An alternative solution to the ongoing Prop 8 battle

[/caption]

Charles Cooper, the lead attorney for supporters of Proposition 8, told Metro Weekly on Tuesday that proponents of the controversial ballot initiative would be seeking an en banc review by the full Ninth Circuit Court of Appeals, which ruled earlier this month that Proposition 8 was unconstitutional.

Despite fierce opposition and garnering national attention, the controversial California initiative was passed by voters in 2008, defining marriage in California as between one man and one woman. Since then, the legislation has had a bumpy ride through the courts, with the Ninth Circuit Court of Appeals ruling on February 7, 2012 via a three-judge panel that the law is unconstitutional and violates the equal protection clause in the Fourteenth Amendment to the U.S. Constitution. Now proponents of the law are seeking a full review of the case in the Ninth Circuit by an 11-judge panel.

As the two sides continue to fight the battle over Prop 8 in the courts, both groups appear to be playing a game of cat and mouse, trying to avoid settling the matter in the Supreme Court where the issue of gay marriage might be federalized– and settled differently than each side wants. Both groups seem to want to keep the issue local, which makes the legal fight an interesting one to watch. Legal commentators were surprised that proponents of the initiative didn’t simply appeal the Ninth Circuit’s decision to the Supreme Court. Winning an en banc review by an 11-judge panel will be the first hurdle.  Then, if the appeal makes it that far, Prop 8’s proponents will have to actually win a case they’ve already lost twice in court at the District and Appellate levels.

Going this route indicates that the law’s supporters are trying to play it safe and resolve the matter without resorting to a Supreme Court ruling that they might not like, and which might federalize that result if the nation’s highest court decides there’s a positive Constitutional right to gay marriage guaranteed by the Constitution. And it’s not just the law’s proponents that want to keep this about California instead of “betting the farm” at the Supreme Court level. Gay rights advocates are worried that if the Ninth Circuit smacks Prop 8 down too hard in an 11-judge panel decision, it will arouse the interest of the Supreme Court and federalize a result that they’re not happy with. As one columnist put it in the New York Times:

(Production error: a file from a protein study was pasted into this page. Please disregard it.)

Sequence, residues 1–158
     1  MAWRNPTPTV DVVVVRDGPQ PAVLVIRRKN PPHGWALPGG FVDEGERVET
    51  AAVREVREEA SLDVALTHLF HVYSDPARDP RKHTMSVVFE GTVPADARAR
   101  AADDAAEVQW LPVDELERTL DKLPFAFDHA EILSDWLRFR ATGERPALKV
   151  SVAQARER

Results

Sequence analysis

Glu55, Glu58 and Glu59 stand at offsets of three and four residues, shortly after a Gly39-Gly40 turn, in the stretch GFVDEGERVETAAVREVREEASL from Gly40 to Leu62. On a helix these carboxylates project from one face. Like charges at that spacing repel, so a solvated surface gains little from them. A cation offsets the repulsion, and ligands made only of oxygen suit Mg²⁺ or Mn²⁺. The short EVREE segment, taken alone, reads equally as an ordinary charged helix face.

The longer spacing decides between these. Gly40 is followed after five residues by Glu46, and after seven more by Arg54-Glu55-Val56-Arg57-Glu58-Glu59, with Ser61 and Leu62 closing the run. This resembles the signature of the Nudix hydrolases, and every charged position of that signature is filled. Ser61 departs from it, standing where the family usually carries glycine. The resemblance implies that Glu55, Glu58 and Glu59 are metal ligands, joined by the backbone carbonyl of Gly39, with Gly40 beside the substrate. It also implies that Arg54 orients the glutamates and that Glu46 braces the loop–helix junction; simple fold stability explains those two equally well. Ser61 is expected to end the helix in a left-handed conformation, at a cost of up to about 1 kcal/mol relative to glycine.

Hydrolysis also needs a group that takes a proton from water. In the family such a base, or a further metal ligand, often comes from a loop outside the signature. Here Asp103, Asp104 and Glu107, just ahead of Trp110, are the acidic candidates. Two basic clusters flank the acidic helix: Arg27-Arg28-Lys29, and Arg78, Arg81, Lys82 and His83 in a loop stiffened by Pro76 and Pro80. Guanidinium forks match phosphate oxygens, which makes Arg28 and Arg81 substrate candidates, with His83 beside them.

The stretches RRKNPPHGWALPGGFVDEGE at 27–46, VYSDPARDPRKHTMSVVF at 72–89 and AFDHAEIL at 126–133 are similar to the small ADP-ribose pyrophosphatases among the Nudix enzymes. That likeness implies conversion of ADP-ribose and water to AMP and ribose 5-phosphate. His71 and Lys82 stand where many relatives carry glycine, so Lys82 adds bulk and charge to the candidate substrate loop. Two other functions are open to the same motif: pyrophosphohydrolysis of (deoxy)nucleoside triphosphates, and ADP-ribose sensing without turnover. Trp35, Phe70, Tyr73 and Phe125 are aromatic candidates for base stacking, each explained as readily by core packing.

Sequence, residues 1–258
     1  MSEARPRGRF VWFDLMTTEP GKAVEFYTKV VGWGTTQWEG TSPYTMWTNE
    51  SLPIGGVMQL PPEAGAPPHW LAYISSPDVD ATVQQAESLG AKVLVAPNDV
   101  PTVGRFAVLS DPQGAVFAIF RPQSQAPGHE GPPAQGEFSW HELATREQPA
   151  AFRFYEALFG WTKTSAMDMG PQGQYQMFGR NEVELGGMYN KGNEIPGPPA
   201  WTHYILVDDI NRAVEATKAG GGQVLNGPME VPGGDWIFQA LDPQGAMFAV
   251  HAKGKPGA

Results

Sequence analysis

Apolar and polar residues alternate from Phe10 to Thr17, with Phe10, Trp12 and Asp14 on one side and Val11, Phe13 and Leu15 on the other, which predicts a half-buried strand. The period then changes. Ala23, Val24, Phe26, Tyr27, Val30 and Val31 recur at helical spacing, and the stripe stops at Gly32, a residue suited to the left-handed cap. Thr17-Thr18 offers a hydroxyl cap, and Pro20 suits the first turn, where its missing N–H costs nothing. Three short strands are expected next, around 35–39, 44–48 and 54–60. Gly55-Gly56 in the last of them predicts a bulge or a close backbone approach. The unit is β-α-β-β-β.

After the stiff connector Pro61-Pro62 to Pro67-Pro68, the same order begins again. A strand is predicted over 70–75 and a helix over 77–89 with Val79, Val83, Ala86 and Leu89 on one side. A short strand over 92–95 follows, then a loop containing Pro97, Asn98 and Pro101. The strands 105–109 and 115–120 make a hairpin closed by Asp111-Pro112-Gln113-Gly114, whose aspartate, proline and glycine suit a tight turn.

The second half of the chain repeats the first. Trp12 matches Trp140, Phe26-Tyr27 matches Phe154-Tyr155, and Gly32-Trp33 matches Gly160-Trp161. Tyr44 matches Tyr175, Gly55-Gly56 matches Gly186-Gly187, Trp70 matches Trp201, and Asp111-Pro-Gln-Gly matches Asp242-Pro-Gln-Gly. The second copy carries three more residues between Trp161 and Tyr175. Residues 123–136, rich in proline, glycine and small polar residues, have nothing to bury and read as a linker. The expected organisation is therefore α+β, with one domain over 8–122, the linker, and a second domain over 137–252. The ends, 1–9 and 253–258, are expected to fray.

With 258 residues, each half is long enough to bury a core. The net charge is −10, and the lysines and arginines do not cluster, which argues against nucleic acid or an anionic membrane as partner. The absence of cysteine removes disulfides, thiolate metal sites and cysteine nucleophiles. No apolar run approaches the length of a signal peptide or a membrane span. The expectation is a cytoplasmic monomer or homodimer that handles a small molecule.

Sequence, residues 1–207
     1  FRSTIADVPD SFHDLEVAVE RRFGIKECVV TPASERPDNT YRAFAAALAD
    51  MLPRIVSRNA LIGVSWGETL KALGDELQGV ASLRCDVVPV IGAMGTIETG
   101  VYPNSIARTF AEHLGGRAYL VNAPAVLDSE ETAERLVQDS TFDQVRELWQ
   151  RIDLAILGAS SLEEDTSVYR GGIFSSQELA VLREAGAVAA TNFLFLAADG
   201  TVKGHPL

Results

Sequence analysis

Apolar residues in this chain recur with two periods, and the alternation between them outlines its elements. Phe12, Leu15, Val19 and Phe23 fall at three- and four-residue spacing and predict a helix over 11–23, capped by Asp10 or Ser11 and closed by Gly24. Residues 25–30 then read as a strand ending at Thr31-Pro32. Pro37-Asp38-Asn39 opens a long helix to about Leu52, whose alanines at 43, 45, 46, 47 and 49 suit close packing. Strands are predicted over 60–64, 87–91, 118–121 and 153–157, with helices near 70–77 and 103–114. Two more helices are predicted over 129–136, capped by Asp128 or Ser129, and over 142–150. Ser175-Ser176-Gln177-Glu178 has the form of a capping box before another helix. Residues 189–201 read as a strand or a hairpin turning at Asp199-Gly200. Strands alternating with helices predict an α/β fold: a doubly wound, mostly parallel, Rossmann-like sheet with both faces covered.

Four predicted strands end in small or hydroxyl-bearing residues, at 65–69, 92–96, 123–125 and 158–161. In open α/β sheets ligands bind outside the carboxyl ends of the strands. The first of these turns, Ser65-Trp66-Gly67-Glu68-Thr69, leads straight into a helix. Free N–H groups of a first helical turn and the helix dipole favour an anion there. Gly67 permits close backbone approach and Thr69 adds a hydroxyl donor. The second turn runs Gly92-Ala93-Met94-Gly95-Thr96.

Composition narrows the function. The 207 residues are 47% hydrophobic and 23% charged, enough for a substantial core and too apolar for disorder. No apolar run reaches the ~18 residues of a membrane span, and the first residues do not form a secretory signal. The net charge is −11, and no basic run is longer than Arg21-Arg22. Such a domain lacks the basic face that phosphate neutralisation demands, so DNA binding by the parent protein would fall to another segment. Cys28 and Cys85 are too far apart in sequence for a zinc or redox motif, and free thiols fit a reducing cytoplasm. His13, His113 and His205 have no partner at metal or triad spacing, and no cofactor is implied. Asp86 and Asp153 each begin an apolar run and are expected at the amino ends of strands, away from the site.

“Many gay rights advocates… had long been wary of the Proposition 8 suit, preferring a state-by-state litigation and lobbying strategy over betting the farm on a case that was likely to end up in the United States Supreme Court. Some said they hoped the justices would now decline to hear an idiosyncratic case affecting a single state.”

Nan Hunter, a law professor at Georgetown argues:

“I’ve always thought that the smart thing to do is to win this case for California and to keep this case out of the Supreme Court. In this court at this time, it will be very tough to sell a challenge [to the roughly 40 states that prohibit same-sex marriage altogether.]”

To suggest an Independent solution, that is to say, a solution that would keep the entire issue of marriage independent from the public sphere: why not privatize marriage? Instead of legalizing gay marriage, why not de-legalize straight marriage? Both sides want to keep this issue out of the Supreme Court so that each has a better chance of getting a result they want on a state-by-state basis, but let’s follow this logic to its necessary conclusion.  Why not keep the issue out of District and Appellate courts too? If not just one, but both sides want to keep the issue from being federalized, why not keep the issue out of state governments as well so that every single individual, couple, and religious community can have a better chance of getting the result they want by deciding the matter for themselves privately? The logic of each side’s legal strategy suggests the wisdom of such a solution.